WERE I a kinge I cou(L)d(E CO)maund(E CO)ntent,
Were I obscure hid{DE N} sh(O|U]ld(E) b[E] my (C)a[R]es,
(O|R} were I dea{DE N}o car[E]s sho[U]l(D)e m[E] torm[E]nt,
no[R] hopes, {N}or hates, nor loues nor (G)r{E}ifes nor feares:
A doubtfull choice of thes(E) three wch to craue,
a Kingdom or a Cottage or a Graue.

- Edward de Vere, Earl of Oxford, by 1586
.......................
. <= 5 =>
.
. I o b s c
. u r e h i
. d {D E N} s
. h (O)[U] l d
. (E) b [E] m y
. (C) a [R] e s,
. (O){R} w e r
. e I d e a
. {D E N} o c
. a r [E] s s
. h o {U} l (D)
. e m [E] t o
. r m [E] N t
. n o [R] h o
. p e s,{N} o
. r h a t e
. s, n o r l
. o u e s n
. o r (G) r {E}
. i f e s
.......................
(LODGE) 38
{RUNE} 21
(E.C.O.) 5,1,1
{NED} -1
[UER] -5
{NED} -1
[E.UEER] -5
-----------------------------------------------------
Ben Jonson (1623) _To the Memory of Shakespeare_
.................................................
My Shakespeare, rise ; *I WILL no[T LODGE] THee* by
Chaucer, or Spenser, or bid Beaumont lye
A little further to make thee a roome ;
Thou art a Moniment, without a tombe,
........................................
Shine forth, thou StarrE Of Poets, and wi[T]h rage,
Or inf[L]uence, chide, [O]r cheere the [D]rooping Sta[G]e;
Which, sinc[E] thy flight fro' hence, hath mourn'd like night,
And despaires day, but for thy Volumes light.
........................................
. <= 11 =>
.
. S h i n e f o r t h, t
. h o u S t a r r E O f
. P o e t s,a n d w i [T]
. h r a g e.O r i n f [L]
. u e n c e,c h i d e,[O]
. r c h e e r e t h e [D]
. r o o p i n g S t a [G]
. e;W h i c h,s i n c [E]
. t h y f l i g h t

[T.LODGE] 11 : Prob. at beginning or end ~ 1 in 12,000
........................................................
http://en.wikipedia.org/wiki/Thomas_Lodge

<<[T]HOMAS [LODGE] (c. 1558 - September 1625) was an English
dramatist & writer of the Elizabethan & Jacobean periods.>>
------------------------------------------------------------
_ROSALYNDE OR, EUPHUES' GOLDEN LEGACY_ BY [T]HOMAS [LODGE]
................................................
_Saladyne's Sonnet_

When Saladyne had a long while concealed a secret resolution of
revenge, and could no longer hide fire in the flax, nor oil in the
flame, for envy is like lightning, that will appear in the darkest
fog, it chanced on a m[O]rning [V]ERY ea[R]ly he c[A]lled u[P]
certain of his servants, and went with them to the chamber of
Rosader, which being open, he entered with his crew, and
surprised his brother being asleep, and bound him in fetters,
and in the midst of his hall *CHAINED him to a post*.

[PARVO] -6 {2,500,000} [~200,000 letters]
................................................
If it be true that heav[E]n's ete[R]nal co[U]rse
Wi[T]h rest[L]ess sw[A]y and ceaseless turning glides;

[E.RUTLA] 6 {1,700,000} [~200,000 letters]

Why then, if the patients that are sick of this disease can
find in themselves neither reason to persuad[E], nor a[R]t
to c[U]re, ye[T], Rosa[L]ynde, [A]dmit of the counsel of a
friend, and apply the salves that may appease thy passions.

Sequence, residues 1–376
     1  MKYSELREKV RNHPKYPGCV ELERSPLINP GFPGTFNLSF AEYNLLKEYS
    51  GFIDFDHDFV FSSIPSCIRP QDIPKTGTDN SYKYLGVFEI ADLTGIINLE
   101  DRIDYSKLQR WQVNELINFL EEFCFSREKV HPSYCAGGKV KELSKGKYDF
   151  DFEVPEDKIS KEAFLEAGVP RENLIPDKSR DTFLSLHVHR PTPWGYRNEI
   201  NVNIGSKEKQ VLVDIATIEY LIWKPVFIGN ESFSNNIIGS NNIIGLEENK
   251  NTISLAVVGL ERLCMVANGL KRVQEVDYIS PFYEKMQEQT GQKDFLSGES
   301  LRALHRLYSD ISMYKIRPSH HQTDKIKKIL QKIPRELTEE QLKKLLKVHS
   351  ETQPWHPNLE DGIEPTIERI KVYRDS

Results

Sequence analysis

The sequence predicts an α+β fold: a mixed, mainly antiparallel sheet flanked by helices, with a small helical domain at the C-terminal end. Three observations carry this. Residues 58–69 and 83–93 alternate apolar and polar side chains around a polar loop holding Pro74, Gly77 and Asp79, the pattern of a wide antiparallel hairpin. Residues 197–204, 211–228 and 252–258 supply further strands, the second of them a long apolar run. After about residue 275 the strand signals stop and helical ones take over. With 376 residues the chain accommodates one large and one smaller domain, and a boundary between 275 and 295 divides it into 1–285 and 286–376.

[E.RUTLA] 5 {2,100,000} [~200,000 letters]
-------------------------------------------------------------
In the CHETHam MS.8012 is Philip Sidney's reply to this poem.

Sidney's Answer:

[W]ERT thou a Kinge, y[E]t not comaund{E CO}ntent
[S]eth Empi{R}e [N]one thy minde co{U}ld yet suffic[E]
W[E]r{T} thou obscure, stil{L} cares wo[U|L|D]e y e tormen{T},
but wert tho{U} dead[E], all ca{R}e & sorrowe di{E}s :
An easy choice of these three wch to crave
No kingdome, nor a Cottage but a grave.
.............................................................
. <= 28 =>
.
.[W]E R T t h o u a K i n g e,y[E]t n o t c o m a u n d{E
. C O}n t e n t[S]e t h E m p i{R}e[N]o n e t h y m i n d
. e c o{U}l d y e t s u f f i c[E]W[E]r{T}t h o u o b s c
. u r e,s t i l{L}c a r e s w o[U|L|D]e y e t o r m e n{T},
. b u t w e r t t h o{U}d e a d[E]a l l c a{R}e&s o r r o
. w e d i{E}s:A n e a s y c h o i c e o f t h e s e t h r
. e e w c h t o c r a v e N o k i n g d o m e,n o r a C o
. t t a g e b u t a g r a v e.

[NED] 28
[E.UERE] -28 : Prob. of both in quat. ~ 1 in 85
{E.RUTL.} -11,16: Prob. of both in quat. ~ 1 in 14,500
----------------------------------------------------------
. _MOBY DICK_ CHAPTER 107 "The CARPENTER"
.
<<You might almost say, that this STRANGE uncompromisedness
in him involved *a sort of unintelligence* ; for in his
numerous trades, he did not seem to work so much by reason
or by instinct, or simply because *he had been TUTORed to it*
, or by any intermixture of all these, even or UNEVEN; but
merely by kind of DEAF & DUMB, spontaneous literal process.
.
He was a pure manipulater; his BRAIN,
if he had EVER had one, must have early oozed
along into the muscles of his fingers. He was like
one of those unreasoning but still highly useful,
.
. *MULTUM IN PArVO* , >>
----------------------------------------------------
And though thou hadst *SMALL LATINE* , and lesse Greeke,
.
. *PARVO* : *SMALL* (Latine)
.
. *MULTUM IN PARVO*
. *Much in Little*
.
. motto of : {E. RUTLAND} ROGER Manners
...........................................
. Twixt this T{URTLE AND} his Queen.
.......................................
. Whereupon it made this Threne,
. To the {PHOENIX} and the *DOVE*,
. {C}o-su[P]r{E}mes [A]n{D} sta[R]s {O}f lo[V]e,
. As Ch[O]rus to their Tragic scene.
....................................
___ <= 6 =>
.
. {C} o -s u-[P] r
. {E} m e s [A] n
. {D} s t a [R] s
. {O} f l o [V] e,
. A s c h [O] r
. u s t o t h
. e i r t r a
. g i c s c e
. n e.

{CEDO} 6 : I vanish, pass away (Latin)
[PARVO] 6 prob. of *PARVO* ~ 1 in 4400 (last two lines)
------------------------------------------------------
The merry Greeke, tart Aristo[P]hanes,
*NEAT* Terence, witty Plautus, now not ple[A]se;
But antiquated, and deserted lye
As they we[R]e not of Natures family.